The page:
Border Security Talks Begin On Capitol Hill With Signs of Narrow Bipartisan Deal House and Senate lawmakers formally kicked off negotiations over funding the Department of Homeland Security, facing a Feb. 15 deadline for a spending bill Trump will sign to avoid another shutdown.

Border Security Talks Begin On Capitol Hill With Signs of Narrow Bipartisan Deal

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The Federal Government is once again open, but if lawmakers can't cut a deal that President Trump will sign, there could be another partial government shutdown in a little more than two weeks. In an effort to prevent that, a bipartisan group of 17 House and Senate negotiators kicked off formal talks today to come up with a funding agreement for the Department of Homeland Security. There is broad agreement in Congress on what it takes to secure the border, except for when it comes to President Trump's demand to build a wall along the U.S.-Mexico border.

NPR congressional correspondent Susan Davis is tracking these negotiations and joins us now. Hi, Sue.


SHAPIRO: President Trump tweeted this morning that these talks are a, quote, "waste of time" if they don't result in a wall." What did today's meeting reveal about how likely it is that this deal ends with the president getting to claim a victory on this?

DAVIS: I think the next two weeks are going to see a lot of verbal gymnastics on exactly what does it mean to have a barrier on the wall. One of the conferees today is Georgia Republican Congressman Tom Graves, and he kind of talked about this dynamic. And here's what he said.


TOM GRAVES: I suspect we might have some discussions about terminology and words we use, but whether it's deterrence, whether it's obstructions, whether it's walls, whether it's barriers, I think we are here for a very narrow purpose and scope, and that is to provide the necessary resources to secure our homeland.

DAVIS: Democrats have put a first offer on the table. It includes a lot more money for things like customs offices, customs officers, technology, repairs at ports of entry and lots more for humanitarian aid. But they made a very specific point not to include any new money for physical barriers.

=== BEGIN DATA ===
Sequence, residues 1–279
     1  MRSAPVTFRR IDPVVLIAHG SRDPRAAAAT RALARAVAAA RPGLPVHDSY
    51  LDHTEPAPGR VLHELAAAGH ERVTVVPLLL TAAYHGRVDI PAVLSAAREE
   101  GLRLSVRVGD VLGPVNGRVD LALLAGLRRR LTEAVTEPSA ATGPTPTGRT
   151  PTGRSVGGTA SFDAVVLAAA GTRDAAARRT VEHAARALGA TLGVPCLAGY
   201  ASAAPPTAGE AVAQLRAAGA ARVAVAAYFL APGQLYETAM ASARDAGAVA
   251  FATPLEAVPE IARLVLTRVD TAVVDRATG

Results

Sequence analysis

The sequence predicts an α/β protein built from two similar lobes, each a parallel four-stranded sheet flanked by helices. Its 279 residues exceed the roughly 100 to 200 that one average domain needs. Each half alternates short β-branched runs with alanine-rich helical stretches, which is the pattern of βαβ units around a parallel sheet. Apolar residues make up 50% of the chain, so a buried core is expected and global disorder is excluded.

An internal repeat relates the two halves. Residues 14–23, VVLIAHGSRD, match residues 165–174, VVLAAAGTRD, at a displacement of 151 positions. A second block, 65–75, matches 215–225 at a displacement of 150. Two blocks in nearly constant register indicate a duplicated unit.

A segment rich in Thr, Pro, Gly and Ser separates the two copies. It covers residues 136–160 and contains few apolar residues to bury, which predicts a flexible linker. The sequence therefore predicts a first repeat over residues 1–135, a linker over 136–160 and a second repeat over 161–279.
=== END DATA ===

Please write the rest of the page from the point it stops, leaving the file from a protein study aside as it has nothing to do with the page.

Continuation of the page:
I will say Democrats have not drawn a red line here. They have given themselves some wiggle room. When they are pressed about could they support any kind of physical barrier, one of the leadership's - one of the members of leadership, Hakeem Jeffries, said this week that they could do so if there was evidence-based reasons for them.

SHAPIRO: How big is the scope of the deal that they're talking about? I mean, are things like protections for Obama-era DACA recipients on the table?

DAVIS: President Trump had put that on the table during the shutdown when they were trying to reopen government. Those have been taken off the table again. From the perspective here on Capitol Hill, lawmakers are saying don't expect a big immigration deal here. This is not going to be about DACA. It's not going to be anything else outside of these funding issues for the border.

It's worth reminding people that this fight is over a bill that is just the annual funding bill for the Department of Homeland Security. It's only for calendar year 2019. And Nita Lowey, who's the chairman of the Appropriations Committee, said her goal today is just to pass those seven outstanding spending bills and include a little bit of more money for disaster relief. No big immigration deals are expected to come out of this.

SHAPIRO: Is that how President Trump, who would have to sign such a bill, sees it?

DAVIS: I mean, that's always the open question here. Will the president sign it? He's constantly moving the goalposts. There was a lot of jokes inside the room today that, left to their own devices, lawmakers would have cut a deal weeks ago. He is and will remain the wild card.

SHAPIRO: Just in the few seconds we have, there's talk of a bill that would prevent these shutdown dramatics from happening every six months or a year - any likelihood of that happening?

DAVIS: There is a growing number of proposals coming from lawmakers up here. Rob Portman is a senator from Ohio. He's got a proposal a lot of senators are jumping on. Essentially it says, if you've got up to a funding deadline and Congress hadn't passed a stopgap funding measure, one would kick in automatically. It's certainly a popular idea to end all shutdowns. But I will note that there's a lot of opposition from it from appropriators and from members of Congress who say it would give too much of the power away of the purse. So it's not expected to be included in this round of talks.

SHAPIRO: NPR congressional correspondent Susan Davis. Thank you.

DAVIS: You're welcome.

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